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Rep. Annie Kuster says she will not run for reelection in 2024

Congresswoman Annie Kuster, a Democrat who has represented New Hampshire's 2nd Congressional District since 2013, announced March 27 that she is not running for reelection in 2024. Here she is shown at the State House in 2022.
Josh Rogers
/
NHPR
Congresswoman Annie Kuster, a Democrat who has represented New Hampshire's 2nd Congressional District since 2013, announced March 27 that she is not running for reelection in 2024. Here she is shown at the State House in 2022.

U.S. Representative Annie Kuster says she is not running for reelection this year, ending a 12-year run in Congress.

The Hopkinton Democrat has represented New Hampshire's 2nd Congressional District since 2013, and is the longest-serving member in the history of the district, which covers the western half of the state and stretches from New Hampshire’s southern border all the way to Canada.

In an interview, Kuster, 67, said she's proud of her work to bring more money for infrastructure, including broadband access, to New Hampshire communities. She also said she plans to use her final months in office helping other Democrats across the country get elected to Congress.

“I want to save our county, and I think it’s a big threat, what’s happening in Washington and nationally, so I want to use my time to really lean in,” she said.

Kuster, who worked as a lawyer and State House lobbyist before winning election in 2012, leads the New Democratic Coalition, a centrist House caucus and political organization aimed at recruiting members willing to work across the aisle.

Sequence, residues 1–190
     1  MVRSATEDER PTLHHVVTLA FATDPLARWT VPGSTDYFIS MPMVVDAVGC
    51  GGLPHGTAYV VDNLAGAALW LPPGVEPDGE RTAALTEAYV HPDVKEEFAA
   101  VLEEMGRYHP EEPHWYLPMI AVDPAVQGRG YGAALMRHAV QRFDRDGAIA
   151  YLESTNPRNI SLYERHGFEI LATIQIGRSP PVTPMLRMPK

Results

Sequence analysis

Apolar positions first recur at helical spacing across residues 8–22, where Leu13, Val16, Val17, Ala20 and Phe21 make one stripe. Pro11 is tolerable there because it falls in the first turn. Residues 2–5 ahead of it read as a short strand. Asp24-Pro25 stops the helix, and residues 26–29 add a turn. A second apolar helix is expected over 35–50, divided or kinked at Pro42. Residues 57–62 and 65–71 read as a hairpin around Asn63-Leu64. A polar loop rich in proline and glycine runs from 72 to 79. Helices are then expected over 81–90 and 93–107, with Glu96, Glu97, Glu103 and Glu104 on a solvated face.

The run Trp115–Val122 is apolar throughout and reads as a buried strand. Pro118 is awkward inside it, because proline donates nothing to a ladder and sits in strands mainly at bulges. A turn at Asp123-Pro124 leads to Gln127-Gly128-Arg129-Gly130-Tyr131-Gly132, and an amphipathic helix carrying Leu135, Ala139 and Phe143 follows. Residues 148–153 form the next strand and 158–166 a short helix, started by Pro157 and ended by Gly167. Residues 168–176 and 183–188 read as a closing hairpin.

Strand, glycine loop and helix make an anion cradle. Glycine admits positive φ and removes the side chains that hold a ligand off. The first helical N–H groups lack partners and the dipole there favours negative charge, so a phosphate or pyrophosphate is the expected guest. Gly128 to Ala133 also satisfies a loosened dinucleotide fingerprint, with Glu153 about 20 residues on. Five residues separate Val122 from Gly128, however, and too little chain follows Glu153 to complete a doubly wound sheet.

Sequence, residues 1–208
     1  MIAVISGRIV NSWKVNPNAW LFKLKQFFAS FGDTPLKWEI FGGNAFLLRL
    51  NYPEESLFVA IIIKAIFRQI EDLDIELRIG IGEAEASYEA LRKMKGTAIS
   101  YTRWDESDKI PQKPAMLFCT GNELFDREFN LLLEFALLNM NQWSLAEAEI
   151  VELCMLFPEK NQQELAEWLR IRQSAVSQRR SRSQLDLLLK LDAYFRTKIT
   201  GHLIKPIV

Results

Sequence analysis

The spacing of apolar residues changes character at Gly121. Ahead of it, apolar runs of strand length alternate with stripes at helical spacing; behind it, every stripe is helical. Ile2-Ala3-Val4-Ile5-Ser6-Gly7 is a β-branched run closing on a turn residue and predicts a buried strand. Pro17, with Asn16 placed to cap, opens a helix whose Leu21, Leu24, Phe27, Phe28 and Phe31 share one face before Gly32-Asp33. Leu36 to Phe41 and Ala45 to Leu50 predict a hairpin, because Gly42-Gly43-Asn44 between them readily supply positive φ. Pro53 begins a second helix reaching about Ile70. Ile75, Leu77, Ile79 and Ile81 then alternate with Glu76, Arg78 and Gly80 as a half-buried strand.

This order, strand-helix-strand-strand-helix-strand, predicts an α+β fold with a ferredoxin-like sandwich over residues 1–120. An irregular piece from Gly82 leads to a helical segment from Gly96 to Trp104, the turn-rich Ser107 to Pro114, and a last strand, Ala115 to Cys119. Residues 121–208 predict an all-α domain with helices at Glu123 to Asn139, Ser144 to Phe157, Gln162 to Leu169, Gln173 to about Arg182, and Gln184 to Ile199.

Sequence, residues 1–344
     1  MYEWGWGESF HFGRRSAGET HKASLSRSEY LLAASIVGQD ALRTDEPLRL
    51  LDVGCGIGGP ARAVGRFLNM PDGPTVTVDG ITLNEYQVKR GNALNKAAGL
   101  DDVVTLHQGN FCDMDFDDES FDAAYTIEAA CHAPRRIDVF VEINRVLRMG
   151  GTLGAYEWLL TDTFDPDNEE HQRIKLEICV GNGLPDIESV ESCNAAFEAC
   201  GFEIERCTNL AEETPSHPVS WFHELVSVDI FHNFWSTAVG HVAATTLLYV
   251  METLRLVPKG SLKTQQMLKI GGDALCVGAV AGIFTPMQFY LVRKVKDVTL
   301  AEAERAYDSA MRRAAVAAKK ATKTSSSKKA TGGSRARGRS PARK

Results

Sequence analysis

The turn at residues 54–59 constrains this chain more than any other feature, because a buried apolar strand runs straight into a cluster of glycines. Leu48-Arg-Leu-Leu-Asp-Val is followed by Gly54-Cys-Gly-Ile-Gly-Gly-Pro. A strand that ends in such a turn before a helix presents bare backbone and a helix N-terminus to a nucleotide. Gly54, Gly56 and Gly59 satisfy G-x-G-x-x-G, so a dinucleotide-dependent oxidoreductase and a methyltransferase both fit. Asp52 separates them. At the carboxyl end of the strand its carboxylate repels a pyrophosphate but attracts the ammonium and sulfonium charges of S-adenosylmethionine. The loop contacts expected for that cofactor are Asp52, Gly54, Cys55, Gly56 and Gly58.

In her years in Congress, Kuster focused on bringing more money to fight the spread of opioid addiction. She and former Republican Congressman Frank Giunta, teamed up in 2015 to found Congress’ Bipartisan Addiction and Mental Health Task Force,which Kuster still co-chairs.

Kuster, a victim of sexual assault in college, also led the Bipartisan Task Force to End Sexual Violence.

“I’m proud of the work I did.” Kuster said.

Kuster said a recent conversation she had with Speaker of the House Mike Johnson gives her hope that Congress could reach a bipartisan deal to approve more aid to Ukraine, Israel and residents of Gaza. But she said that political polarization has made the work of serving in Washington more difficult.

“There is no doubt this is a very challenging time,” she said. “The toughest two years that I’ve had of the 12.”

Kuster’s decision to step aside sets up a wide open race to succeed her.

On the Democratic side, former executive councilor Colin Van Ostern, who mounted unsuccessful bids for governor in 2016 and secretary of state in 2018 — and who managed Kuster’s first losing race for Congress in 2010 — was quick to praise Kuster in a statement Wednesday.

“Annie has spoken truth to power on countless issues, like fighting to end the war in Iraq and for full LGBT equality before either were popular views even in the Democratic Party,” Van Ostern wrote.

Other Democrats believed to be eyeing a run include Hopkinton State Sen. Becky Whitley, who took to social media Wednesday to praise Kuster as “a mentor, an inspiration, and a true friend to me and so many women in #NHPolitics.”

With an open seat, the race to succeed Kuster is sure to draw Republicans, too. In 2022 conservative businessman and serial candidate Bob Burns won a 3-way GOP primary over former Keene Mayor George Hansel and liberty-minded Republican Lily Tang Williams.

With Kuster out of the picture, the Republican field could be bigger this year..

Kuster said she will get involved in the race and expects to endorse a candidate at some point. She said she could seek public office again, but stressed she was in no hurry to do so.

“Put it this way: I feel very good about the next chapter of my life, and one thing I can tell you is it will include a lot of skiing,” she said.

Read Kuster's full statement here.

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Josh has worked at NHPR since 2000.
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